Then we’ll drive back to Istanbul to see more of that charming city. For our final and free day in Istanbul you can see something new in the city, or return to a favorite place.

Visit the excellent Archeology Museum (near our hotel) or try the hamam for a sudsy scrubdown, or see the Blue Mosque again, shop for final souvenirs, go back to the Grand Bazaar – your choice! Lunch on your own this day. Pack up and organize for flights home. (Last included night of hotel.)
Farewell Dinner with group.

Fly HOME: June 8.    Be sure you check out the Photo Gallery of TURKEY here.

Tour Price:  $ 4295  6 people minimum; 12 people maximum.

Includes the following:

  • 15 nights accommodations, (double occupancy, in charming boutique class hotels, or good modern ones when necessary)
  • All meals and non-alcoholic beverages–except lunch and dinner on 2 free days when group is scattered.
  • TWO interior flights: to Tokat and to Bergama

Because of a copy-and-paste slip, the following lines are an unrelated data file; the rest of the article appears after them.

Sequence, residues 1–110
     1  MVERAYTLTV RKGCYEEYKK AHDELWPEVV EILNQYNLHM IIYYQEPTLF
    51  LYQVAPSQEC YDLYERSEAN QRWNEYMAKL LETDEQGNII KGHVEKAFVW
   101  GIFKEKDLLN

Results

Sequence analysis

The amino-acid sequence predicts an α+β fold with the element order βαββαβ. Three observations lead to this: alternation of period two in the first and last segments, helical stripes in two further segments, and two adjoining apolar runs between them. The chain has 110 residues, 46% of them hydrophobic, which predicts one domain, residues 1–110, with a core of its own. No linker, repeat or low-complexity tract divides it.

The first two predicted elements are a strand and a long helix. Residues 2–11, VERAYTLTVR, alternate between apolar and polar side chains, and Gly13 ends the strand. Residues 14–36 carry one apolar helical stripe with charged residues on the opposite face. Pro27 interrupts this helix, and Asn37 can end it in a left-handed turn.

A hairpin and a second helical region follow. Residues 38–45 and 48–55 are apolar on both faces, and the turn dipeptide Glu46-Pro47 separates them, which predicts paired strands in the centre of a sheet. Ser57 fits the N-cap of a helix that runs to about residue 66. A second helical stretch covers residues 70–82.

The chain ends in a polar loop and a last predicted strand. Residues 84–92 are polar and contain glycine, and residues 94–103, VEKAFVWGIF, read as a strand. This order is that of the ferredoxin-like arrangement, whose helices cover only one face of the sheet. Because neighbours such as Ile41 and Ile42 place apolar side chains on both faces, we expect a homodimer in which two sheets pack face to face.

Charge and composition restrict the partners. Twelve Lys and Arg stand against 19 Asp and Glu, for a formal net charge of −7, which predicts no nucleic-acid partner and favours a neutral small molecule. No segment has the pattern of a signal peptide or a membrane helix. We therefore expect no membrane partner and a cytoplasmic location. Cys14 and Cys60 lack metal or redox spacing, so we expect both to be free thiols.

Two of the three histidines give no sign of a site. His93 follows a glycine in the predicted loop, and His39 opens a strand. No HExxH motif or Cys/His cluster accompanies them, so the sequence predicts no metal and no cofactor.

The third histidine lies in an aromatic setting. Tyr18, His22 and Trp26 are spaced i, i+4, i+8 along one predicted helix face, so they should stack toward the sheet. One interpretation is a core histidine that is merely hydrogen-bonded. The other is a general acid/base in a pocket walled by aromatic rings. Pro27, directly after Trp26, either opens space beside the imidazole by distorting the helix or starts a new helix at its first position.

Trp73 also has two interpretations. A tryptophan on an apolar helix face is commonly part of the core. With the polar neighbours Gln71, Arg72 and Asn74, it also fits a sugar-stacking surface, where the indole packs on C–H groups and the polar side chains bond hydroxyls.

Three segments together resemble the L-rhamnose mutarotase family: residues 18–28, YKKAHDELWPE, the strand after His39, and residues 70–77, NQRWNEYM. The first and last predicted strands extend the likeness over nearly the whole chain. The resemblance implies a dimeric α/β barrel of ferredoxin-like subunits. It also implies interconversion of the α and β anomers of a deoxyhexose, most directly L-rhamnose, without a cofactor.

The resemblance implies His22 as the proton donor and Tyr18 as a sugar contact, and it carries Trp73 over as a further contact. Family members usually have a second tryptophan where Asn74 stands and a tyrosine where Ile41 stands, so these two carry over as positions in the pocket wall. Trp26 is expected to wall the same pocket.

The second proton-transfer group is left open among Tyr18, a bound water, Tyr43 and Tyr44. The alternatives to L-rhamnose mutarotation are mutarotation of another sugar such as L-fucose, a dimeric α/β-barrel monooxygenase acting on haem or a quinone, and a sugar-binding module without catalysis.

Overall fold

• All ground transportation by private, high-top Sprinter van with excellent, professional driver
  • Bottled water in the van for road trips
  • Transportation to/from airport on set arrival and departure dates
  • English-speaking, licensed Turkish native guide
  • Cooking class and lunch in private home
  • Entrance to all historical sights on the itinerary
  • Private Tokat scarf printing workshop with your creations to take home.
  • Photo book of your adventure!

Not included: Personal items such as phone calls, internet fees [most of our hotels have free wi-fi or a computer you can use]; laundry; overweight luggage; Turkish visa fee [$20 for U.S.]; airport transportation for airport departure; sites or activities not on the itinerary, between-meal snacks and bottled water when not in the van.
Artfully arranged salad in Tokat.For more information, E-mail Cynthia: [email protected]
or call 707-939-8874.
Single Supplement: $775

*OPTIONAL hot air ballon ride: Around $200 (to be paid directly to balloon tour company in Urgup).

Adventure in Turkey

Installment #1: Adventure in Turkey with the Muchachas–‘The Girls’ from Philly